More of us are paying tax on savings – are you?

Share this article

Cash ISAs and the Personal Savings Allowance can help reduce the tax people pay on the interest earned from their savings. But our latest research has found awareness about the tax we might have to pay on savings is low – a majority (71%) of the consumers we surveyed said they were not aware that interest on savings can be taxed, while just 17% said they “knew a lot about” the Personal Savings Allowance…

The number of savers who have to pay tax on the interest they earn on their savings has risen over the past two years due to the rapid rises in interest rates in the UK.

HMRC, the tax authority, said last year that an extra 1 million taxpayers would pay tax on savings interest in 2023.

With savings rates at just above 0% a few years ago, savers could have £60,000, £70,000 or even more in accounts before needing to pay tax on the interest they earn. Now however, with many savings rates paying more than 4%, tax on savings may start with significantly smaller pots.

The good news is that there are simple ways to reduce the tax on our savings, such as saving in cash ISAs. Making sure we all understand what our Personal Savings Allowance (PSA) is can also be helpful.

The not-so-good news is that many people, it appears, are not aware that savings interest can be taxed – and might not, therefore, make the best of tax-savings options.

A surprising lack of awareness about tax on savings interest

In February this year, we conducted research among 2,000 UK savers to find out how aware they were that savings interest can be taxed. Our study had some surprising results.

For example, most people (71% of the people that took part in our study) said they did not really know that interest on savings can be taxed. Of these people, almost half (47%) said they had heard about the PSA but did not know much about it.

Likewise, just 17% said they “knew a lot about” the PSA and two in five (40%) admitted they had not heard about the PSA before filling our questionnaire.

As a quick reminder, the PSA is the amount of interest an individual can earn on their savings before they need to begin paying tax. It is based on the amount of income tax we pay.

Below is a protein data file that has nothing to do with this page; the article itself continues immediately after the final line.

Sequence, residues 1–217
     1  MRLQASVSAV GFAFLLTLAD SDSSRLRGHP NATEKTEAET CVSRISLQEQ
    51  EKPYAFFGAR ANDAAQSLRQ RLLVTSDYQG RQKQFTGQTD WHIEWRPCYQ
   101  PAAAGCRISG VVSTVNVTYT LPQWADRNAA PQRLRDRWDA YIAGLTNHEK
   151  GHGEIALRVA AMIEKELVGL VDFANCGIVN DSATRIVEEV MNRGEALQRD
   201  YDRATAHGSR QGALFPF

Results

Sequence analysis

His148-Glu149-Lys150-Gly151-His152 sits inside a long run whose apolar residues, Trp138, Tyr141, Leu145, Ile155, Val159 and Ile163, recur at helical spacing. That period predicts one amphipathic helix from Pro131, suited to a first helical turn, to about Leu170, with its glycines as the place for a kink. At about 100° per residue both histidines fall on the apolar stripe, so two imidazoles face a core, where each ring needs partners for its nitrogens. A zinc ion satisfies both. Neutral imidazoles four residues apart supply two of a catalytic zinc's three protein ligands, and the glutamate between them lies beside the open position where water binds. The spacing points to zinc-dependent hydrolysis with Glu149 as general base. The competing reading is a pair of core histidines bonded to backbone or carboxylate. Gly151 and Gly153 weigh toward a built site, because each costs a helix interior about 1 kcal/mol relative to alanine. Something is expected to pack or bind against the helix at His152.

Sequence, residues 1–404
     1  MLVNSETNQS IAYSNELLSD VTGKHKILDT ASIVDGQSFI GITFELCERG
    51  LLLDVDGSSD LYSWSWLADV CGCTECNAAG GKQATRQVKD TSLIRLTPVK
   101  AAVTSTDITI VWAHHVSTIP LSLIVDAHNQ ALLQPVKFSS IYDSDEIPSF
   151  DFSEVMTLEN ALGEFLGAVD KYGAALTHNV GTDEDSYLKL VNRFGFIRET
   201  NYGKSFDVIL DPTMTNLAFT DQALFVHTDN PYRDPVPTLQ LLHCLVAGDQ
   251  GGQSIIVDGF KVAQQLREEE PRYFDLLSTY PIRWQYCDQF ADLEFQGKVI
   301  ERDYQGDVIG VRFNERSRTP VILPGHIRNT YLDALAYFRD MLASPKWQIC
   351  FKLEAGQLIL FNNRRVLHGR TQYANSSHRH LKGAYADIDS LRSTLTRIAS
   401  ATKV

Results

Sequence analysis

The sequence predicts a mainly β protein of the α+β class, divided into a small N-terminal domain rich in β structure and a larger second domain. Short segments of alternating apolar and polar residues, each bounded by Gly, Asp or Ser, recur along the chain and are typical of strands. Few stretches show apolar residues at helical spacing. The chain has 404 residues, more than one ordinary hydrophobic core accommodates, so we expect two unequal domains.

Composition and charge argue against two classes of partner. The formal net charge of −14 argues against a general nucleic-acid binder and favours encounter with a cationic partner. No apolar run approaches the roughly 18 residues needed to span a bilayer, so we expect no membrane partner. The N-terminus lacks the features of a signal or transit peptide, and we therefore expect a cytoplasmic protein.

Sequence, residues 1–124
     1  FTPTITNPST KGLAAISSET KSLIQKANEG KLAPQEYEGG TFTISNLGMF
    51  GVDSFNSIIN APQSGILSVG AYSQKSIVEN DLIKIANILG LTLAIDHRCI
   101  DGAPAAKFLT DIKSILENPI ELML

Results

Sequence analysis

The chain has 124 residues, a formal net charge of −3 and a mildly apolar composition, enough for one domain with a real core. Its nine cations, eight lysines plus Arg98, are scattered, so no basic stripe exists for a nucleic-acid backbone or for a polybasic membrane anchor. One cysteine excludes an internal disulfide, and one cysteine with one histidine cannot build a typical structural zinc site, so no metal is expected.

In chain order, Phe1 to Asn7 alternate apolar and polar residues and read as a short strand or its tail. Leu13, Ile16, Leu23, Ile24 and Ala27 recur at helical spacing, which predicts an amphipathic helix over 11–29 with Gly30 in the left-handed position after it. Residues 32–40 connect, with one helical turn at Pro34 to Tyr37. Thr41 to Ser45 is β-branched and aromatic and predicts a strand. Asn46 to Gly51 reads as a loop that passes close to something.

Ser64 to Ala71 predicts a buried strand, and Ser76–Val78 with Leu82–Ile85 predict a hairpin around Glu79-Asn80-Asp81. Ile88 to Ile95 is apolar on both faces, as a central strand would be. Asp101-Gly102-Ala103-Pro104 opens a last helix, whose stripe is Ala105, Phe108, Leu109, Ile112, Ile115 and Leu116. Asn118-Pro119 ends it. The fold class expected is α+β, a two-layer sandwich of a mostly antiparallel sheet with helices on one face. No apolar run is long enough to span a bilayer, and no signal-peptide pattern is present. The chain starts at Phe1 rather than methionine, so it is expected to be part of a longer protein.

People who are basic rate taxpayers – i.e., those who pay 20% income tax – can earn £1,000 a year in savings interest before paying tax on their savings.

Is it time for you to think about a cash ISA?

One easy way to limit the tax you pay on savings is by saving in a cash ISA.

Unlike a traditional savings account, interest earned on any savings you put into cash ISAs is Tax free – no matter how much interest you earn. At a time when interest rates remain high, cash ISAs have become an even more important option for many of us looking to optimise our savings.

If you’re already paying tax on interest in your regular savings account, or if you’re near this limit, you could consider a cash ISA.

For a recap on what ISAs are and the rules they come with, read our article.

Prioritising cash ISAs can make sense

Our study among 2,000 savers found that some 38% said they own a cash ISA, which compares to 57% who said they have an easy access savings account, and 21% who have a fixed term savings account.
 
When it comes to adding new money, just under a quarter (24%) said that cash ISAs take priority when adding in new money, 37% said that they prioritise easy access savings accounts. While this may well make perfect sense, particularly if ISA limits have been reached, it is important to consider maximising ISA allowances as best you can to get the most out of your savings.
 
Even if you don’t currently have to pay tax on your savings – i.e., you don’t exceed your PSA – by saving into a cash ISA now, you can help protect your savings from future tax.

Remember that the ISA allowance means you can only pay a limited amount into an ISA per year, so helping to future-proof your savings in an ISA now might be beneficial later. 

The ISA deadline for the 2023/2024 tax year is fast approaching, so now is a good time to think how best to optimise your cash savings. If you don’t use your allowance by the end of the tax year you will lose it.

Key things to remember:

  • Cash ISAs can help to protect the interest you earn on your savings from UK income tax.
  • Your ISA savings interest only remains Tax-free while it’s still ‘wrapped’ in an ISA account.
  • The ISA allowance is the annual limit you can save in an ISA, and is currently £20,000.
  • The deadline for this year is fast approaching. You can’t carry over any unused ISA allowance, so if you don’t use it, you lose it.

Tax-free means the interest rate payable where interest is exempt from UK income tax. Your cash ISA savings balance will be eligible for this tax benefit for so long as it is held in a valid cash ISA account.

The tax treatment of ISAs and the applicable Government rules are subject to change. The benefits of your account for tax purposes will depend on your personal financial circumstances.

This research was conducted by Opinium for Marcus by Goldman Sachs with 2,000 UK adults between 30.01.24 and 02.02.24. Research is weighted to a nationally representative criteria.

The content in this article is for information only and is not advice. All content in this article was accurate on the date of publication shown above.

Connect with us on social media

Follow us on social media for news, insights and tips from Marcus by Goldman Sachs.